draw(circle(O, 1.), linewidth(0.6));
draw(circle(P, 0.69055), linewidth(0.6) + xfqqff);
draw(circle(Q, 0.53653), linewidth(0.6) + xfqqff);
draw(O--M, linewidth(0.6) + red);
draw(M--A, linewidth(0.6) + qqffff);
draw(M--B, linewidth(0.6) + qqffff);
draw(O--(-0.36380,-0.93147), linewidth(0.6) + red);
draw(P--Q, linewidth(0.6));
draw(M--(0.00139,-0.99999), linewidth(0.6) + green);
draw((0.00139,-0.99999)--L, linewidth(0.6));
draw(L--(-0.36380,-0.93147), linewidth(0.6) + green);
draw(M--(-0.36380,-0.93147), linewidth(0.6));
draw(A--B, linewidth(0.6));
dot("$O$", O, dir((1.868, -2.897)));
dot("$N$", (-0.36380,-0.93147), dir((-5.700, -12.058)));
dot("$M$", M, dir((-8.656, 10.478)));
dot("$P$", P, dir((-2.789, 6.521)));
dot("$Q$", Q, dir((3.600, -6.558)));
dot("$A$", A, dir((-15.478, -5.915)));
dot("$B$", B, dir((4.982, -4.507)));
dot("$C$", C, dir((-8.023, -3.199)));
dot("$D$", D, dir((1.442, 0.454)));
dot("$T$", T, dir((-7.133, 1.989)));
dot("$W$", (0.00139,-0.99999), dir((-2.113, -15.052)));
dot("$L$", L, dir((1.046, 1.812)));
dot("$E$", midpoint(A--B), dir(-45));
\end{asy}
\end{center}
\begin{claim*}
$MNTQ$ is cyclic.
\end{claim*}
\begin{proof}
By Reim: $\dang TQM = \dang LWM = \dang LNM = \dang TNM$.
\end{proof}
Let $E$ be the midpoint of $\ol{AB}$.
\begin{claim*}
$OEMN$ is cyclic.
\end{claim*}
\begin{proof}
By radical axis, the lines $MM$, $NN$, $AEB$ meet at a point $R$.
Then $OEMN$ is on the circle with diameter $\ol{OR}$.
\end{proof}
\begin{claim*}
$MTE$ are collinear.
\end{claim*}
\begin{proof}
$\dang NMT = \dang TQN = \dang LON = \dang NOE = \dang NME$.
\end{proof}
Now consider the homothety mapping $\triangle WAB$
to $\triangle QCD$.
It should map $E$ to a point on line $ME$
which is also on the line through $Q$ perpendicular to $\ol{AB}$;
that is, to point $T$.
Hence $TCD$ are collinear,
and it's immediate that $T$ is the desired tangency point.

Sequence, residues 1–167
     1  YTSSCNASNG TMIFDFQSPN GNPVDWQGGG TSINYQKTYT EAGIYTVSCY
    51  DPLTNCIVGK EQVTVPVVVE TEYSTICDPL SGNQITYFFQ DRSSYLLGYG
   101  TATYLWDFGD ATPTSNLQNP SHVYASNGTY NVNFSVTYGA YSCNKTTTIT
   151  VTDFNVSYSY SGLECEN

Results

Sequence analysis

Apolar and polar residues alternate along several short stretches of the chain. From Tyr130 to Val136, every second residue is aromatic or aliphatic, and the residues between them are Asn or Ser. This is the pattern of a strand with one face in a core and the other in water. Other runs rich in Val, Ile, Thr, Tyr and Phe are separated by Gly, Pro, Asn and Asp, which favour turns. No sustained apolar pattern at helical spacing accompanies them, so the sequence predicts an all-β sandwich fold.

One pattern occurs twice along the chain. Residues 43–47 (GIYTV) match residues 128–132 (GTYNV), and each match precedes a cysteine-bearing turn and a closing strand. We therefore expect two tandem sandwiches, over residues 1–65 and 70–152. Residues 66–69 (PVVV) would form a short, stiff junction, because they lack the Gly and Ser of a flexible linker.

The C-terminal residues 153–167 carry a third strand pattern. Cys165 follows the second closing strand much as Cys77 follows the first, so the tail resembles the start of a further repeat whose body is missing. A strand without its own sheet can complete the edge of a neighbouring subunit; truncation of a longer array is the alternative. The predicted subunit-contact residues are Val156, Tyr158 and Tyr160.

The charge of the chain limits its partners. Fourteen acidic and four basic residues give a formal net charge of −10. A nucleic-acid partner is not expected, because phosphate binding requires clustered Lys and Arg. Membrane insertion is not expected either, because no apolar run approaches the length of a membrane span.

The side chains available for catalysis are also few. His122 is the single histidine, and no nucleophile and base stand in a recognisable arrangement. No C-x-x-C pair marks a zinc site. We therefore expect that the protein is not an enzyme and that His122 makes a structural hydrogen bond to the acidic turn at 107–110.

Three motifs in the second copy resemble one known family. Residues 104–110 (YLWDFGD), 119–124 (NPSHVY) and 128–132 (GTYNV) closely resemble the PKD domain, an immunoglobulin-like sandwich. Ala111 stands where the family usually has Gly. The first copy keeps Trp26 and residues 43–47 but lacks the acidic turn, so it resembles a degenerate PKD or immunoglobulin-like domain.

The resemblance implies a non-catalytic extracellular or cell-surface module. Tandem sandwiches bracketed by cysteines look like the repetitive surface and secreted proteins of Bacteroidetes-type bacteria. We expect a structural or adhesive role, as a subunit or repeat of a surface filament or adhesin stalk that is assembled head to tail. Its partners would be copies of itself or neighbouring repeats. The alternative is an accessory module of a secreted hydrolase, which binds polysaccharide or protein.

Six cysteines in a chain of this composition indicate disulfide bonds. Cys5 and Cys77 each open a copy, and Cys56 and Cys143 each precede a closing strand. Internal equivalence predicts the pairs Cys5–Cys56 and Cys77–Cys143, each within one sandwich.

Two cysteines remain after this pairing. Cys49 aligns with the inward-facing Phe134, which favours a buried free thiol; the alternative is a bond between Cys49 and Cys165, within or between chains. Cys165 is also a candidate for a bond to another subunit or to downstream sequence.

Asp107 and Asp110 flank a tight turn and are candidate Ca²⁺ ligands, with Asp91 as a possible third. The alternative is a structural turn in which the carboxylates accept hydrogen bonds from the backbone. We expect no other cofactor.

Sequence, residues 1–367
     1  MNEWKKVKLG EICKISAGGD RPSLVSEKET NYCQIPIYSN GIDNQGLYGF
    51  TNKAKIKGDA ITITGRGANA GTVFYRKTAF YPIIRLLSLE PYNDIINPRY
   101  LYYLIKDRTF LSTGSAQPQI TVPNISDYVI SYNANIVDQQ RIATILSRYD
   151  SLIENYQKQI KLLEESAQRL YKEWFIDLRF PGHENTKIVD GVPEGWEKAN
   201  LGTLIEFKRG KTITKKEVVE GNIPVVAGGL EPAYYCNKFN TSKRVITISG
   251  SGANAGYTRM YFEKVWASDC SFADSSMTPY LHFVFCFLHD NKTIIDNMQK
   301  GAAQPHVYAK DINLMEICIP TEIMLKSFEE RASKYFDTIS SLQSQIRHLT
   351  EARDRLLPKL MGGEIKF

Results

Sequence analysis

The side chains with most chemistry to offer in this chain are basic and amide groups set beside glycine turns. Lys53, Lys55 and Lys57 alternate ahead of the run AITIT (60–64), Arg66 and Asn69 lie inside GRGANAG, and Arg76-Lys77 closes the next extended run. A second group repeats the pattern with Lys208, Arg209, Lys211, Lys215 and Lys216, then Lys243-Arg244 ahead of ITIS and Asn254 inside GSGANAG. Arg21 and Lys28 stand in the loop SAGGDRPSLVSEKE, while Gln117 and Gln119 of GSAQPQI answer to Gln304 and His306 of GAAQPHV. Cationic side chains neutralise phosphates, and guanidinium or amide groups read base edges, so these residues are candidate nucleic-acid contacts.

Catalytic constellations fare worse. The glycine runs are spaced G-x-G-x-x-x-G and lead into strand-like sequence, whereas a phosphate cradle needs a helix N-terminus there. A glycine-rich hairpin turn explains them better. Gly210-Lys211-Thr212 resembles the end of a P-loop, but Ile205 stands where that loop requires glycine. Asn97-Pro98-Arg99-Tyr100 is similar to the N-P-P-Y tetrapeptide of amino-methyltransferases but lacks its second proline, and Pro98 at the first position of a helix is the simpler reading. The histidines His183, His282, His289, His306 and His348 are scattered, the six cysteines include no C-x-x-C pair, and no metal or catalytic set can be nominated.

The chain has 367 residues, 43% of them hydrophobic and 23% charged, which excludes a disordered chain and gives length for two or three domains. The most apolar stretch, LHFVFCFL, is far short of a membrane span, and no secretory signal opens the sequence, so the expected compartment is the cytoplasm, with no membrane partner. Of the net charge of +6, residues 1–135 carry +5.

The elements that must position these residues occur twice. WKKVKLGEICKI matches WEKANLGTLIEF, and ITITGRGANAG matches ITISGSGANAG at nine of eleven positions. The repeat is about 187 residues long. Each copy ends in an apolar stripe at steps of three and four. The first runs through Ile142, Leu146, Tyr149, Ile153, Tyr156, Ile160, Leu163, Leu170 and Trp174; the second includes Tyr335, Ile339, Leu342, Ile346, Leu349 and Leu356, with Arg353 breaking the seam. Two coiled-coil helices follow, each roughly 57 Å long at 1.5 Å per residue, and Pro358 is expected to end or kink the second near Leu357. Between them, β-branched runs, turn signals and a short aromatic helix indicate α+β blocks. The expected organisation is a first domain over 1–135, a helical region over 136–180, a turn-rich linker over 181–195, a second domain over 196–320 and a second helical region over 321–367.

\pagebreak
\subsection{IMO 1999/6}
\textsl{Available online at \url{https://aops.com/community/p131856}.}
\begin{mdframed}[style=mdpurplebox,frametitle={Problem statement}]
Find all the functions $f \colon \RR \to \RR$ such that
\[f(x-f(y))=f(f(y))+xf(y)+f(x)-1\]
for all $x,y \in \RR$.
\end{mdframed}
The answer is $f(x) = -\half x^2+1$
which obviously works.
For the other direction, first note that
\[ P(f(y),y) \implies 2f(f(y)) + f(y)^2 - 1 = f(0). \]
We introduce the notation $c = \frac{f(0)-1}{2}$,
and $S = \opname{img} f$.
Then the above assertion says
\[ f(s) = -\half s^2 + (c + 1). \]
Thus, the given functional equation can be rewritten as
\[ Q(x,s) : f(x-s)=-\half s^2 + sx + f(x) - c. \]
\begin{claim*}
[Main claim]
We can find a function $g \colon \RR \to \RR$ such that
\[ f(x-z) = zx + f(x) + g(z). \qquad (\spadesuit). \]
\end{claim*}
\begin{proof}
If $z \neq 0$,
the idea is to fix a nonzero value $s_0 \in S$ (it exists)
and then choose $x_0$ such that $- \half s_0^2 + s_0 x_0 - c = z$.
Then, $Q(x_0, s)$ gives an pair $(u,v)$ with $u-v = z$.
But now for any $x$, using $Q(x+v,u)$ and $Q(x,-v)$ gives
\begin{align*}
f(x-z)-f(x) &= f(x-u+v)-f(x)
= f(x+v)-f(x) + u(x+v) - \half u^2 + c \\
&= -vx-\half s^2-c + u(x+v) - \half u^2 + c \\
&= -vx-\half v^2 + u(x+v) - \half u^2 = zx + g(z)
\end{align*}
where $g(z) = -\half(u^2+v^2)$ depends only on $z$.
\end{proof}
Now, let
\[ h(x) \coloneqq \half x^2 + f(x) - (2c+1), \]
so $h(0) = 0$.
\begin{claim*}
The function $h$ is additive.
\end{claim*}
\begin{proof}
We just need to rewrite $(\spadesuit)$.
Letting $x=z$ in $(\spadesuit)$,
we find that actually $g(x)=f(0)-x^2-f(x)$.
Using the definition of $h$ now gives
\[ h(x-z) = h(x) + h(z). \qedhere \]
\end{proof}
To finish, we need to remember that $f$, hence $h$, is known
on the image
\[ S = \left\{ f(x) \mid x \in \RR \right\}
= \left\{ h(x) - \half x^2 + (2c+1) \mid x \in \RR \right\}. \]
Thus, we derive
\[ h\left( h(x)-\half x^2+(2c+1) \right) = -c
\qquad \forall x \in \RR. \qquad(\heartsuit) \]
We can take the following two instances of $\heartsuit$:
\begin{align*}
h\left( h(2x)-2x^2+(2c+1) \right) &= -c \\
h\left( 2h(x)-x^2+2(2c+1) \right) &= -2c.
\end{align*}
Now subtracting these and using $2h(x)=h(2x)$ gives
\[ c = h\left( -x^2 - (2c+1) \right). \]
Together with $h$ additive, this implies readily $h$ is constant.
That means $c=0$ and the problem is solved.
\pagebreak
\end{document}